Co-edited by Dr. Michael Wiener (Senior Fellow in Residence at the Geneva Graduate Institute of International and Development Studies during his UN sabbatical leave in 2022) and Dr. David Fernández Puyana (Permanent Observer of UPEACE to the United Nations in Geneva), the book “Missing piece for peace” was presented at the University for Peace (UPEACE) in Costa Rica on 6 December 2023. Later, organized by the Geneva Peacebuilding Platform, the book was again launched at the Graduate Institute and Development Studies in Geneva on 19 December 2023.
In the cover of the book highlights the monumental sculpture Broken Chair, which stands twelve meters high in front of the United Nations Office at Geneva. It illustrates both the despair and dignity of victims of armed violence. In addition, the chair’s mutilated fourth leg could be regarded as a symbol for various lacunae in the eternal endeavor of attaining peace across the globe. One of these missing pieces is the unresolved relationship between the right to peace and freedom of conscientious objection to military service.
In view of recent United Nations resolutions and thematic reports on the right to peace and on the right to conscientious objection to military service, there seems to be growing momentum for addressing both human rights in a holistic manner. The 2022 analytical report by the Office of the High Commissioner for Human Rights (UN Doc. A/HRC/50/43, para. 31) explicitly refers to the idea of compiling “a study of the linkages between the right to conscientious objection to military service and the right to peace.”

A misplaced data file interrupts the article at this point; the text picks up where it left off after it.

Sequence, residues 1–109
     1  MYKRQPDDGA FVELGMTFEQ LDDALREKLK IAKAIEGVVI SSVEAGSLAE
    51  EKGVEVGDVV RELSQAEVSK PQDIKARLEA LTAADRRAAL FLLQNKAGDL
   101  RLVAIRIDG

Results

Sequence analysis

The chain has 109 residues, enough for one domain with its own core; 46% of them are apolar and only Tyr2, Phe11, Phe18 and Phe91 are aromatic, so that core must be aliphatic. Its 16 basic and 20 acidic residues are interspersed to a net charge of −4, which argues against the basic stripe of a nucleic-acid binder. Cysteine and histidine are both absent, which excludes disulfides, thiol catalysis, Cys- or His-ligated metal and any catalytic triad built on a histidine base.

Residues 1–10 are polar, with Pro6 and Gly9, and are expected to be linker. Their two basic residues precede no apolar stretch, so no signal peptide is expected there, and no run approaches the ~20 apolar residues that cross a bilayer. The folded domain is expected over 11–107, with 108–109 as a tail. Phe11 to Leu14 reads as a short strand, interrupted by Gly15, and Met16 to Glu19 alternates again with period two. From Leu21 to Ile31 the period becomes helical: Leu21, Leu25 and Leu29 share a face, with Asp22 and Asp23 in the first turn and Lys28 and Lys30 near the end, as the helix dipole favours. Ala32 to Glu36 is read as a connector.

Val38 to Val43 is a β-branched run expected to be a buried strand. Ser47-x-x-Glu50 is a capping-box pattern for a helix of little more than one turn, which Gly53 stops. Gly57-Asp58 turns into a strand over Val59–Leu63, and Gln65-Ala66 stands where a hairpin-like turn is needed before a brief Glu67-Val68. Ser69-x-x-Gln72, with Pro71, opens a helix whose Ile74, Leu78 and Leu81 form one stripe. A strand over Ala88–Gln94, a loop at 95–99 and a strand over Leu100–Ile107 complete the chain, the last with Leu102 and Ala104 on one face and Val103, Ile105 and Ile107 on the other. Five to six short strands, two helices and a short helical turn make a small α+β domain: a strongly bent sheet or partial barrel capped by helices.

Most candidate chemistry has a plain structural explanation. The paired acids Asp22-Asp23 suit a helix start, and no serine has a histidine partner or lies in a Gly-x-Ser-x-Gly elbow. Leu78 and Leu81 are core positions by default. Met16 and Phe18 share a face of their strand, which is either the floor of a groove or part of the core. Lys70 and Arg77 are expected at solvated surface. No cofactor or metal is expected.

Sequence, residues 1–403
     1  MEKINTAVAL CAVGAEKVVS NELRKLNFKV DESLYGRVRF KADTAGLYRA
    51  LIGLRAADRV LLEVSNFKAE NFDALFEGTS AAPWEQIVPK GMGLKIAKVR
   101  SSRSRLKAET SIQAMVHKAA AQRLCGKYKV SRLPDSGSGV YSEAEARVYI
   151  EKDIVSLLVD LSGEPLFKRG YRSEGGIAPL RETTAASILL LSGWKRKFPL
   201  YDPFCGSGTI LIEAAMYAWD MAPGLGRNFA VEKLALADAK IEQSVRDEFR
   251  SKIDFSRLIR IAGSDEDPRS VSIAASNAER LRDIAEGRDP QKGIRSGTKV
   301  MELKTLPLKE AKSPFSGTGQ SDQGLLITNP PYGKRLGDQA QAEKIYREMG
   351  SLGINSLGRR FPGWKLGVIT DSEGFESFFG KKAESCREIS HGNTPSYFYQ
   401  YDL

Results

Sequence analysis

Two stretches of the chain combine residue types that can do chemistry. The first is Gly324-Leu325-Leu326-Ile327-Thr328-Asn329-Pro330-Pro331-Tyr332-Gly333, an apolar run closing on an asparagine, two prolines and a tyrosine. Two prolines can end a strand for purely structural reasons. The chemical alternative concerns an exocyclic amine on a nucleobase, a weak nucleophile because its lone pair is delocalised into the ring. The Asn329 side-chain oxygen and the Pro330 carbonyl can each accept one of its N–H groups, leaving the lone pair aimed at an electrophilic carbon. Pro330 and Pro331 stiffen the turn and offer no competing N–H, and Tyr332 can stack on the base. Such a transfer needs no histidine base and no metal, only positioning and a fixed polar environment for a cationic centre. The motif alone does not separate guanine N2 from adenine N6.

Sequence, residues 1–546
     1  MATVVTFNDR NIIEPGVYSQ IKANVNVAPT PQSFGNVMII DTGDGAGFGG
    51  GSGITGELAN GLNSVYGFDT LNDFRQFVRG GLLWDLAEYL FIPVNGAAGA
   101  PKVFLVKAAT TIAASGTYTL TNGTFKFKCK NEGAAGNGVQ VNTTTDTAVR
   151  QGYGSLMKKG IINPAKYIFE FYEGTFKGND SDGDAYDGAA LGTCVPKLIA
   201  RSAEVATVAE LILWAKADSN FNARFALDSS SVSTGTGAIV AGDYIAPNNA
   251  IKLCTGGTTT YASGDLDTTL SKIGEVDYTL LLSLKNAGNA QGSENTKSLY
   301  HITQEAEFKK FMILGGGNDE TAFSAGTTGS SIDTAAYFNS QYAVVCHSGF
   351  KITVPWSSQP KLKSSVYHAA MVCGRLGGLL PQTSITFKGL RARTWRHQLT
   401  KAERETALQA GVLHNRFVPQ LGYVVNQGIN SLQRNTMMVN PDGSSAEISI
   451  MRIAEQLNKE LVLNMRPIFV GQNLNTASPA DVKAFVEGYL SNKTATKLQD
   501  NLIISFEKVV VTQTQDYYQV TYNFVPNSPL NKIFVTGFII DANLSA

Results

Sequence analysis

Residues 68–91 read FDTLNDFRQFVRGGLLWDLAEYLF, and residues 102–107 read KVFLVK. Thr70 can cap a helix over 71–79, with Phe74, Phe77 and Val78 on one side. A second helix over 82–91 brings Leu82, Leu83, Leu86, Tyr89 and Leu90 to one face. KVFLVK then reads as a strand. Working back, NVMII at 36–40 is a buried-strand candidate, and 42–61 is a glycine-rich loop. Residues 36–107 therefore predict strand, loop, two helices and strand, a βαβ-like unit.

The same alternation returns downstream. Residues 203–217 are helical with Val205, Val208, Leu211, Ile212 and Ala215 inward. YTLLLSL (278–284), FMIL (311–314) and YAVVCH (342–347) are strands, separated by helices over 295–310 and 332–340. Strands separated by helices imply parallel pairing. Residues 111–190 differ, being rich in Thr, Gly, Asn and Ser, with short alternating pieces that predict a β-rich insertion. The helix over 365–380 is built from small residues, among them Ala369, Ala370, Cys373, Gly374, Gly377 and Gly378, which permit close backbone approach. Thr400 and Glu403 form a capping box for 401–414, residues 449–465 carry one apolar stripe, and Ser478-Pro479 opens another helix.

Following up on this suggestion, this book brings together chapters written by experts who have been involved in elaborating the 2016 Declaration on the Right to Peace or in shaping freedom of conscientious objection to military service since the 1980s. The contributors include the Ministers of Foreign Affairs of Costa Rica & Croatia, diplomats, civil society representatives, academics and United Nations independent experts from the Advisory Committee, Human Rights Committee, as well as former and current Special Rapporteurs. This book also contains short personal stories about positive experiences and practices by conscientious objectors and peace activists.
Its publication in open access through UPEACE Press is emblematic in view of the explicit reference, in article 4 of the Declaration on the Right to Peace, to UPEACE and its General Assembly-based mandate to contribute to the great universal task of educating for peace by engaging in teaching, research, post-graduate training and dissemination of knowledge.